Why cutting into a gas cylinder is a bad idea


Originally published at: https://boingboing.net/2017/11/08/why-cutting-into-a-gas-cylinde.html


Lucky to not have a bar-b-qued worker.



Step one: Lose an eyebrow or two
Step two: make things worse

That tank was really quite full, it still had liquid in it.


Mistakes were made.


Damn! Thought we had a Darwin Award winner there.


Every welder I know won’t cut into a closed cylinder of any type for just this reason. A whole lot of surprising stuff is flammable/explosive when vaporized under pressure.


Correction to headline:

“Why cutting into a gas cylinder that isn’t empty is a bad idea”

Empty ones pose no threat.


Please, do not kick the angry flaming canister.



Gas scrap fever.


rip backhoe


Even “empty” cylinders usually have air in them, which can cause an explosion if you heat the cylinder.


We didn’t need that excavator anyway.


I love the “I’ll just kick this over with the rest of the fire” moment.


Mmm - not sure how high the PSI would be… especially such a large cylinder. And certainly not flammable.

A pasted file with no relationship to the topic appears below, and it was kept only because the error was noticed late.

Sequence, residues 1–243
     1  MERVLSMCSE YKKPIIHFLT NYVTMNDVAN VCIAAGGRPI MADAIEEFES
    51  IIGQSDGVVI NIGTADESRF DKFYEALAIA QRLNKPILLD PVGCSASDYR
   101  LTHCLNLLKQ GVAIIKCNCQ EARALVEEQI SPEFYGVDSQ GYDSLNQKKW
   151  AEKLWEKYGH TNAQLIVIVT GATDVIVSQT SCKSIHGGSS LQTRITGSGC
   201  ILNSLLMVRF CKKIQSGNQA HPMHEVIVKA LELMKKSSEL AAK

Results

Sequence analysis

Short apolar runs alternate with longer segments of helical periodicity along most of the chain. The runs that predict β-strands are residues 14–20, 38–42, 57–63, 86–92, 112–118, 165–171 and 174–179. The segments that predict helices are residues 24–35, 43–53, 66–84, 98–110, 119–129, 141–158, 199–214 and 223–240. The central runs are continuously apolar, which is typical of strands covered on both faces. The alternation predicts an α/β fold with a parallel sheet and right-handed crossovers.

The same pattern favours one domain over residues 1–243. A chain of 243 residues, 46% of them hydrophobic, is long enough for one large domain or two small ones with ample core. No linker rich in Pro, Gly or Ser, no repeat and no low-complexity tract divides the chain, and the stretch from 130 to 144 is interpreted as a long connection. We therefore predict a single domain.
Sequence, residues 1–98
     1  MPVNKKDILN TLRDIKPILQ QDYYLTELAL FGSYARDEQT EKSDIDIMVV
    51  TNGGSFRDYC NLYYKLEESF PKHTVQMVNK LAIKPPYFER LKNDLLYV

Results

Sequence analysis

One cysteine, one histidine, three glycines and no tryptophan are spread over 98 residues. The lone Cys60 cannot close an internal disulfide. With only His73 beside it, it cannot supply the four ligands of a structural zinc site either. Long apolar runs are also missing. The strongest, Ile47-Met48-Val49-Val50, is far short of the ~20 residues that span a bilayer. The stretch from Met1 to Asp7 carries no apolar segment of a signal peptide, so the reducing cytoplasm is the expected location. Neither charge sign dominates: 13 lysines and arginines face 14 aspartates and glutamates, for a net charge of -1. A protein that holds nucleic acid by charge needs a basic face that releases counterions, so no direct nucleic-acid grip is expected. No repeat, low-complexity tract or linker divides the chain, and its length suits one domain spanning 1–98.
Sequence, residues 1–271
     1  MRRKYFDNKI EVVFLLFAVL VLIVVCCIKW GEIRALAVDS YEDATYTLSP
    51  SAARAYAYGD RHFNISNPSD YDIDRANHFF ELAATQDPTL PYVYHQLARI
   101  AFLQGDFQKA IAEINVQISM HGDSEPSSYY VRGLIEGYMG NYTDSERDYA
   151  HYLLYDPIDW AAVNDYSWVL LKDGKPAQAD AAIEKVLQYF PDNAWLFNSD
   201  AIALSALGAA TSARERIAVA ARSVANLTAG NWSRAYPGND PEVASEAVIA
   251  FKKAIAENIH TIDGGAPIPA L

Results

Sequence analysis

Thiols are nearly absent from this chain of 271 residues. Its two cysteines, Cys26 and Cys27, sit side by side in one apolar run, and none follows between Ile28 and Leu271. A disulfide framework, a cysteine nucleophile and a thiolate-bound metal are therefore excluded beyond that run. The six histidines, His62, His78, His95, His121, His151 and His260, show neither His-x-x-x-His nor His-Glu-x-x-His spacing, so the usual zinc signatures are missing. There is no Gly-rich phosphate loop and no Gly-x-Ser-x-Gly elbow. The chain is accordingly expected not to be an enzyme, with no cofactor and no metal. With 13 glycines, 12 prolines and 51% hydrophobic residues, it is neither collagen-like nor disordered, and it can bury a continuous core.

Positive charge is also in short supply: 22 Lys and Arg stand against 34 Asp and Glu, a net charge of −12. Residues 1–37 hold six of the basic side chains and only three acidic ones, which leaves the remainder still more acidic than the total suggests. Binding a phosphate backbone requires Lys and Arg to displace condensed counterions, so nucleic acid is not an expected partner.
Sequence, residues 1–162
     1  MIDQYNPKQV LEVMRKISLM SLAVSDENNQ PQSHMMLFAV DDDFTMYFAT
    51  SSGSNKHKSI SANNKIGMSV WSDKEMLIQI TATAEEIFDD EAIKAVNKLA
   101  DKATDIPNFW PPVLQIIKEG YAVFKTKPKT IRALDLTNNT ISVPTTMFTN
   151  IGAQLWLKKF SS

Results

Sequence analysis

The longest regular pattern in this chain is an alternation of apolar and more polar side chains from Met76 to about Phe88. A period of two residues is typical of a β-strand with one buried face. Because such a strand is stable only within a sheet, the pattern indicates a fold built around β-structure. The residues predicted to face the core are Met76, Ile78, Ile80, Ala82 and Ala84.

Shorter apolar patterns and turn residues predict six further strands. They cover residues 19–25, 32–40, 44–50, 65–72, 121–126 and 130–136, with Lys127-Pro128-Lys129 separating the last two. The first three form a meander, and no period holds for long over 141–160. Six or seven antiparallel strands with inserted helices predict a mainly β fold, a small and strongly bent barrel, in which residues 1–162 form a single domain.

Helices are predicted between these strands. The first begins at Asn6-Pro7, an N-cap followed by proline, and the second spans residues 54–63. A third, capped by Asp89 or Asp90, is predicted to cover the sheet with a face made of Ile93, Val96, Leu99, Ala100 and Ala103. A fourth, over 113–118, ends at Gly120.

At any rate, drill a hole or remove the valve first.


That happens every time I eat tacos in Tijuana off a street cart vender.


Someone told the ‘New Guy’ to cut it open. Now they need a new “New Guy”.


That escalated quickly.

Another addition to my list of bad ideas.


This is why we have labels warning us against otherwise completely obviously bad ideas.


If you must cut into any container that ever held anything that could be considered flammable, the best way to assure your safety and the safety of others around you is to open it using normal methods (wrench!) and fill it with water. Oils, fuels, etc float to the top and are lost in this process, gasses leave the container. If possible wait awhile, then drain enough water to do the work required, leaving the container open so pressure doesn’t build during cutting.

Even then don’t cut in an enclosed area, keep the surrounding area clear of people, flammable items, and keep another person on watch with an appropriately rated (ABC if you don’t know) fire extinguisher handy.